Dogs That Changed the World
What caused the domestication of wolves?

What caused the domestication of wolves?

Traditionally, the experts studying the evolution of modern dogs believed that domestication was a conscious effort of humans. The theory was that ancient people took wolf pups from their dens, adopted them, fed them, trained and tamed them.

Biologist Raymond Coppinger, who has spent over 45 years working with and studying dogs, says that this story is nothing more than a romantic fairy tale. “I call it a ‘just so’ story. Nobody who has ever trained a wolf had any success if they started after 19 days,” says Coppinger, a professor of biology and animal behavior at Hampshire College in Massachusetts.

“We’ve got a graduate student doing it now. You take them out of the den when they are 13 days old and their eyes aren’t open, and you spend 24 hours a day with them, socializing them with people, bottle feeding them. You have to have a time surplus society like mine, where you have graduate students with nothing else to do. Mesolithic people would have been struggling for life. They wouldn’t have had time.” In addition, Coppinger says, even tamed wolves aren’t likely to be docile when it comes to food-or breeding. “I work with tamed wolves all the time. I don’t care how tame they are, try to take their bone away. It’s even worse when it comes to breeding. You start to fool around with wolves when they’re in a courtship performance, you could die right there on the spot.”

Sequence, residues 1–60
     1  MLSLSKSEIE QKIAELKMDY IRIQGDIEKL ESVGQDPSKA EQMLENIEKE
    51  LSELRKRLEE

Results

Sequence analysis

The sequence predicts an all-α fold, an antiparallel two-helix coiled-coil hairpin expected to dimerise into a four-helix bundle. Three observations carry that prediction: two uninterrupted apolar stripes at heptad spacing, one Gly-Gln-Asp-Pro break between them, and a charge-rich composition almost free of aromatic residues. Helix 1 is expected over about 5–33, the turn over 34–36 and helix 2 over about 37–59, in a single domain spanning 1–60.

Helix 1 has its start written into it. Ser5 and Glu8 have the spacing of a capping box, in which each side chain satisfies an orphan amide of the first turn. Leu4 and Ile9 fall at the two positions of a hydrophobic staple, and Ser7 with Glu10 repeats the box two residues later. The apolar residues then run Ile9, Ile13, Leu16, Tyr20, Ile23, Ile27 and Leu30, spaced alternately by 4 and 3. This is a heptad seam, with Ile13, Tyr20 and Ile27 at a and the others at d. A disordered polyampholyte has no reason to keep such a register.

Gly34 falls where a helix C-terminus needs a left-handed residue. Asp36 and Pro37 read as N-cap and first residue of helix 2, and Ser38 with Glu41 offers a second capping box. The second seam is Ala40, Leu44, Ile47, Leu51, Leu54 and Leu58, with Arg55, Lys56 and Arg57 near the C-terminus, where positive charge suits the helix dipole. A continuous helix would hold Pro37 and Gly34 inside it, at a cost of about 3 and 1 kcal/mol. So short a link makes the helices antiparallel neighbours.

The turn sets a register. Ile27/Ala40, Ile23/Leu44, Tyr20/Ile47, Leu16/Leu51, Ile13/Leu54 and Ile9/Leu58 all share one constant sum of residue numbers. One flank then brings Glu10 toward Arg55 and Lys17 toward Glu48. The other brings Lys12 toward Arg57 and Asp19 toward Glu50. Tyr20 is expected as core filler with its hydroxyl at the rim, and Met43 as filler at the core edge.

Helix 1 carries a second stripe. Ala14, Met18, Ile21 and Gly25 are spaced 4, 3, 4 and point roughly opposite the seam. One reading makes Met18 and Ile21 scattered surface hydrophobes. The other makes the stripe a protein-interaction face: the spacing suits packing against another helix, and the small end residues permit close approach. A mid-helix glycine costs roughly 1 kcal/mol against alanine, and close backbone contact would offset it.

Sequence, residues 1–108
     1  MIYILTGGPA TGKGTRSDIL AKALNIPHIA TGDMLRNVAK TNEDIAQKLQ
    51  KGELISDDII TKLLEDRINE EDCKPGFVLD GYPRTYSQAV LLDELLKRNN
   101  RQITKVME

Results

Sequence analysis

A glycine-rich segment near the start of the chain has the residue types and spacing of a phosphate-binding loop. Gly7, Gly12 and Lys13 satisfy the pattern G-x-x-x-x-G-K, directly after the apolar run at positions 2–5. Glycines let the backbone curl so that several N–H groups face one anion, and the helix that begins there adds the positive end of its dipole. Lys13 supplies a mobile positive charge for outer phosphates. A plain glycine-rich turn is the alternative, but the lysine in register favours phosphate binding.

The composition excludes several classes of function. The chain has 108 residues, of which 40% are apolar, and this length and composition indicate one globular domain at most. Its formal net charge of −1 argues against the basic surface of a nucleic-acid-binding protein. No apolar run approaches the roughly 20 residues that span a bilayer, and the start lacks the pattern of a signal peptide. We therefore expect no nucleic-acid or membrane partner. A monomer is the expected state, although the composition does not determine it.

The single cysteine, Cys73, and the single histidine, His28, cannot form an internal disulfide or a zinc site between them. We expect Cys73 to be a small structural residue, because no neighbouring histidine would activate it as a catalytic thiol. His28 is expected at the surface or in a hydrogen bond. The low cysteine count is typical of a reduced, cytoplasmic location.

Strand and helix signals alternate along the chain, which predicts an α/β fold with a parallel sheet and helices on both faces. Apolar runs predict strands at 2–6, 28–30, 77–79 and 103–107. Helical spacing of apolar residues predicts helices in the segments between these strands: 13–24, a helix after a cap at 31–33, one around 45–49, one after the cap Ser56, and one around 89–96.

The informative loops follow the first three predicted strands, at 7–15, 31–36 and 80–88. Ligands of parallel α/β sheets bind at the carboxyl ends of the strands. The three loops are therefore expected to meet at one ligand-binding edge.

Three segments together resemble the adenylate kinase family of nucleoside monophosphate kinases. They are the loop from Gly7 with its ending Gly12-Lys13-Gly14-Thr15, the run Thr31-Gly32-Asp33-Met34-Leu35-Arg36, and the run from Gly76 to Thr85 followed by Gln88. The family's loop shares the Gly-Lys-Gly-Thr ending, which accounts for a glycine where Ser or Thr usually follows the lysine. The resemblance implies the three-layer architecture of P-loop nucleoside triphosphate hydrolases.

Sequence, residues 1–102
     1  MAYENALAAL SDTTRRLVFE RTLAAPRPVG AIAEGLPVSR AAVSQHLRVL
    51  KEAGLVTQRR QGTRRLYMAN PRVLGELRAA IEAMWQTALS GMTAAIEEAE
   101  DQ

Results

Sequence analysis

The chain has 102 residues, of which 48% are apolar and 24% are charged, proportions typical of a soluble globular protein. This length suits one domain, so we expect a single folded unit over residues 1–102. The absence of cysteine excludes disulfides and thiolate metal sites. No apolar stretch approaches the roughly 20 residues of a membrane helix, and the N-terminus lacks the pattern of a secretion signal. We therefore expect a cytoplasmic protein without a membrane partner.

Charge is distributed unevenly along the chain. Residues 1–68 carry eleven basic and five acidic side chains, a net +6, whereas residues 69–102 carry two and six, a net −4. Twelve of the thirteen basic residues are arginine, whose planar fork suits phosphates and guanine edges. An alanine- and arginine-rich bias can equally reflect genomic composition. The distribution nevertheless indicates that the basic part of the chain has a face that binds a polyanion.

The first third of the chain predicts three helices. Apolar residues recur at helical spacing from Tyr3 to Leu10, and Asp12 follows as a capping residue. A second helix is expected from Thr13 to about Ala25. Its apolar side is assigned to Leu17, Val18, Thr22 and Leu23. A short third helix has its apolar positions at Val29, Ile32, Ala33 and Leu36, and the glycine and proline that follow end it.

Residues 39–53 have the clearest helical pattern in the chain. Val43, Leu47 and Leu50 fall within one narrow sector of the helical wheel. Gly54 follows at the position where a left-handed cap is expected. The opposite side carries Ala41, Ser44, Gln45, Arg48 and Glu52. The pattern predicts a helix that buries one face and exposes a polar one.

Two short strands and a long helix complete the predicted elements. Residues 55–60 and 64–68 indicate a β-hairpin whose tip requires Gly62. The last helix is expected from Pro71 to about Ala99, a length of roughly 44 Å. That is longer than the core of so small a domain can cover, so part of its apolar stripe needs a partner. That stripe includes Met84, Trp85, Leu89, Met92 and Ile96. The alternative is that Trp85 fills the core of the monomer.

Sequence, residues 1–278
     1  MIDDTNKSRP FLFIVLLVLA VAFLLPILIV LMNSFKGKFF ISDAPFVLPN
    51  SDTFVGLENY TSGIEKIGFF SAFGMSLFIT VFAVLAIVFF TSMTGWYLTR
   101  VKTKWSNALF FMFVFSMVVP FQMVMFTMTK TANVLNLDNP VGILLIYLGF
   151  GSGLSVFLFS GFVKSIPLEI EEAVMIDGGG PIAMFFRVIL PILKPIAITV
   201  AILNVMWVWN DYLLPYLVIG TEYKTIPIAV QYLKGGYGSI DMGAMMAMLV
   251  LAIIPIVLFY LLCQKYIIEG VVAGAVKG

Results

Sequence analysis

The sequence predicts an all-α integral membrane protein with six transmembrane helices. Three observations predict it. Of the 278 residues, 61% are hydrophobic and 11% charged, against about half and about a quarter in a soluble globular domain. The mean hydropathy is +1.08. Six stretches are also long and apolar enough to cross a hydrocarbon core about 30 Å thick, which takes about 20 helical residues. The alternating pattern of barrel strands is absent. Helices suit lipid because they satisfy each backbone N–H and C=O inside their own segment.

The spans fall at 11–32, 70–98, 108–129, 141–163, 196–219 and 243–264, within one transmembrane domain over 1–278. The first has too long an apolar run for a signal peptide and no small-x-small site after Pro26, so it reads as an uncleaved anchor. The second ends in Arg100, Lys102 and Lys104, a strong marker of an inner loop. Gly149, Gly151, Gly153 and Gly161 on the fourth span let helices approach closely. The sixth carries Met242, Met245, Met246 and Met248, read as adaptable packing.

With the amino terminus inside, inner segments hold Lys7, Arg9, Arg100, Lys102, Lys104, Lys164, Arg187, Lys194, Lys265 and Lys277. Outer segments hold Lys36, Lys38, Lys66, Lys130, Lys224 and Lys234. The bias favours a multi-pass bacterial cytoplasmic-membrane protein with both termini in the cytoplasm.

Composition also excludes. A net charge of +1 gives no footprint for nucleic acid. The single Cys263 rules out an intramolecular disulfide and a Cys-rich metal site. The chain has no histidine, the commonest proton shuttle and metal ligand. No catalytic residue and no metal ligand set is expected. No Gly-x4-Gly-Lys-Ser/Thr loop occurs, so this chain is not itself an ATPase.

Biologist Raymond Coppinger Coppinger has another idea: the wolves domesticated themselves. He suspects that the process would have begun at the end of the last Ice-Age approximately 15,000 years ago when people began to gather and live in one place for the first time. The appearance of these villages was fairly rapid and coincidental with the fossil evidence of dogs as we know them.